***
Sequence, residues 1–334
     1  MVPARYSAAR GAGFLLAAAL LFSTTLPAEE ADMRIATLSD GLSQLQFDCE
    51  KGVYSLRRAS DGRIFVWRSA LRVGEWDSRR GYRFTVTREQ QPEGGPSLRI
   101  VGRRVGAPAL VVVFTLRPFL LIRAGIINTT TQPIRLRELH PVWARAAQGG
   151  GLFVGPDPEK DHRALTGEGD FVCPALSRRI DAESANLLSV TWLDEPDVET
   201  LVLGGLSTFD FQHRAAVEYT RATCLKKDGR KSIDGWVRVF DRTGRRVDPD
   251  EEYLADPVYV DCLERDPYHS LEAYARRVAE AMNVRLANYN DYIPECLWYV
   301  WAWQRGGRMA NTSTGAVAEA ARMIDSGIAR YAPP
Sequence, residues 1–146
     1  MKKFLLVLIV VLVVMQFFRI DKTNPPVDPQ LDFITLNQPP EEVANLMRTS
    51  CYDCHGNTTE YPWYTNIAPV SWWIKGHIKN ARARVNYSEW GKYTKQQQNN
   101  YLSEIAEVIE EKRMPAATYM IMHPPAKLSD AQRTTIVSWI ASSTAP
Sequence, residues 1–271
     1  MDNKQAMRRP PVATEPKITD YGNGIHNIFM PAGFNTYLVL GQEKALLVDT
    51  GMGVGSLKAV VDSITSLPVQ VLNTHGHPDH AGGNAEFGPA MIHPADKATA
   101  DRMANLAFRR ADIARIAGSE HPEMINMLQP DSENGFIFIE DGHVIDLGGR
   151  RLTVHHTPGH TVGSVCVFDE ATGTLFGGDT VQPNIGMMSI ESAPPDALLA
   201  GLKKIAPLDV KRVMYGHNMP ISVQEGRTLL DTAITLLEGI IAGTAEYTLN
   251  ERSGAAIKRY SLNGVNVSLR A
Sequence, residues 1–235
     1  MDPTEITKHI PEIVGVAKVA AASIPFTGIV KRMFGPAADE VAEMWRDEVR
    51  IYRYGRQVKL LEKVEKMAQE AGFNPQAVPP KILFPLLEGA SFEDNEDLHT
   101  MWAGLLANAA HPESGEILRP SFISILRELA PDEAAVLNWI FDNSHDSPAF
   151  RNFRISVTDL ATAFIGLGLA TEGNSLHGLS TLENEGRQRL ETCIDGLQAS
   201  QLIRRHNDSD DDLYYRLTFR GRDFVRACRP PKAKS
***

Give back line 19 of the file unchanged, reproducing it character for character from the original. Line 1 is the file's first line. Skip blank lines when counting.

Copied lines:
   251  ERSGAAIKRY SLNGVNVSLR A